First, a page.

Have Child Maltreatment and Child Placement Rates Declined?

Document Type



It is argued that the actual incidence of child maltreatment remains elusive and is, in fact, indeterminate. Factors that might be reflected in variations in child maltreatment rates, other than child harm or endangerment at least partially attributable to caretakers, are explored. But since most children residing in foster care in the United States have been placed there for the alleged reasons of child abuse and neglect, we might expect trends over time in the rate of alleged maltreatment to have some bearing on the out-of-home placement population rate. On the contrary, it is shown that the child placement population rate has risen in recent years, even though the overall child maltreatment rate has not. Based on existing data, the child placement population in the United States is calculated to have been nearly one million children on any given day in 2011, higher than at any point throughout the previous century. Brief comparisons are made with child maltreatment and child placement trends in other countries.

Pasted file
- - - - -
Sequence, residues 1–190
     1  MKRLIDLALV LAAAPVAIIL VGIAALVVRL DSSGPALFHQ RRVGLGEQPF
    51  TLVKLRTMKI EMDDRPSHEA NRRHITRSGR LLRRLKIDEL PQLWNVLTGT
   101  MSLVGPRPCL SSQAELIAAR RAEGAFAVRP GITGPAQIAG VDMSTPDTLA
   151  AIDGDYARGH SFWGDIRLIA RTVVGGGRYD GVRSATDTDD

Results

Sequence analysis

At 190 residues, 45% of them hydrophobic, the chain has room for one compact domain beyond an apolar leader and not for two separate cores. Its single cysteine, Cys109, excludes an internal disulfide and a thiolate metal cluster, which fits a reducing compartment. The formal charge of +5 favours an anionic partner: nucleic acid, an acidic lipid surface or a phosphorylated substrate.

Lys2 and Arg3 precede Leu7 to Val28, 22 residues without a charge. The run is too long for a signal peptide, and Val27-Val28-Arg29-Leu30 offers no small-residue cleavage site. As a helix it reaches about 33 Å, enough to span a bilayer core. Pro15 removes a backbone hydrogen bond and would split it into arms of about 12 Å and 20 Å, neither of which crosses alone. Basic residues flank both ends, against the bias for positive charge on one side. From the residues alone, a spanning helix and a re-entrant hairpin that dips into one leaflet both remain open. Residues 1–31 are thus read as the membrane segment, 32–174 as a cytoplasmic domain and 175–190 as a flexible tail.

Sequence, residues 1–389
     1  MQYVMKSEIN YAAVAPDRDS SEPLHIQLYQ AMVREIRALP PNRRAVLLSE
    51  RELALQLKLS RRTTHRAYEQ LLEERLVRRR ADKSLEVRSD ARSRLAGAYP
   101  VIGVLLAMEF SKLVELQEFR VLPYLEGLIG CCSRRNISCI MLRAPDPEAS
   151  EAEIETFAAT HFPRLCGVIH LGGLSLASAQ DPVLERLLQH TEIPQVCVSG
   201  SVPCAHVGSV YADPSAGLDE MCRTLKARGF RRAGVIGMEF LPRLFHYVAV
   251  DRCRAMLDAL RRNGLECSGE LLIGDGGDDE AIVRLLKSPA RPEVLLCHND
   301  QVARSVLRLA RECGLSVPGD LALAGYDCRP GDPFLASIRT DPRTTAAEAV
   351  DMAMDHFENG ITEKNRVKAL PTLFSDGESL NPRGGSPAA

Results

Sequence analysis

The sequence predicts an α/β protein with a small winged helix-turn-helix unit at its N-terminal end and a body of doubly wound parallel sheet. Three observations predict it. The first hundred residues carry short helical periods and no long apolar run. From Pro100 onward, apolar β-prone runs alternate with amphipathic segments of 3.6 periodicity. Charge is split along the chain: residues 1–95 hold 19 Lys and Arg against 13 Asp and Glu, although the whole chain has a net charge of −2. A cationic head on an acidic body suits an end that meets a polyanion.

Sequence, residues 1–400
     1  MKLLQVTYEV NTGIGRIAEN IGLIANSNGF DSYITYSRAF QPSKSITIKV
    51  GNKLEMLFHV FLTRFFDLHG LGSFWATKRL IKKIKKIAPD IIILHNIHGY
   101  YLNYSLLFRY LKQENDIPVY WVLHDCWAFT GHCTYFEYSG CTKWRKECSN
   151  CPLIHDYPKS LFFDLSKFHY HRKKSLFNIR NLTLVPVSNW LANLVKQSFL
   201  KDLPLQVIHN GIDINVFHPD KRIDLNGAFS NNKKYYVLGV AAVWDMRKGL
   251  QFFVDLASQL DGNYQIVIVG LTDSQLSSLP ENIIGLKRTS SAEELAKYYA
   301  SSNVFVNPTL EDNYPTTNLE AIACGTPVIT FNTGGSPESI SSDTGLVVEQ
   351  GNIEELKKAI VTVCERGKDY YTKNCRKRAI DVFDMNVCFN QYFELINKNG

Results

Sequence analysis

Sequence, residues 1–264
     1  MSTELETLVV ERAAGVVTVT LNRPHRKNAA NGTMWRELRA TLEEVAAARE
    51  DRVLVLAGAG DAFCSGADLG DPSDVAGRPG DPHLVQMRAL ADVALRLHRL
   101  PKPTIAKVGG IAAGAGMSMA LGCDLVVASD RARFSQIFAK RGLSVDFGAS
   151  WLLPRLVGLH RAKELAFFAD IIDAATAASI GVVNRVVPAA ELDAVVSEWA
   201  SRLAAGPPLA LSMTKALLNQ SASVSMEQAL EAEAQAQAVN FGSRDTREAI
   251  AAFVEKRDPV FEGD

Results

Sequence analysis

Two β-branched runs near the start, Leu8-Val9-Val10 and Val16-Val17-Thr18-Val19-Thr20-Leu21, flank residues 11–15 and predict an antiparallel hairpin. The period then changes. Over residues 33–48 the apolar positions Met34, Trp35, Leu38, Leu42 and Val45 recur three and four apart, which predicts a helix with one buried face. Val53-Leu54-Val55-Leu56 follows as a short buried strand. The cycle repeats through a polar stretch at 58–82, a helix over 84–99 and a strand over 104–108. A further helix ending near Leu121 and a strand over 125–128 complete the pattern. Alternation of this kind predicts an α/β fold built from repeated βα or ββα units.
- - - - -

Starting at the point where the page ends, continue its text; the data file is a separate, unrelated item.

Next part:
Adoption; Child abuse and neglect; Child maltreatment; Child placement; Child welfare; Foster care


Social Work

Publisher Citation

Pelton, L.H. (2013). Have child maltreatment and child placement rates declined? Children and Youth Services Review, 35(11), 1816-1822.

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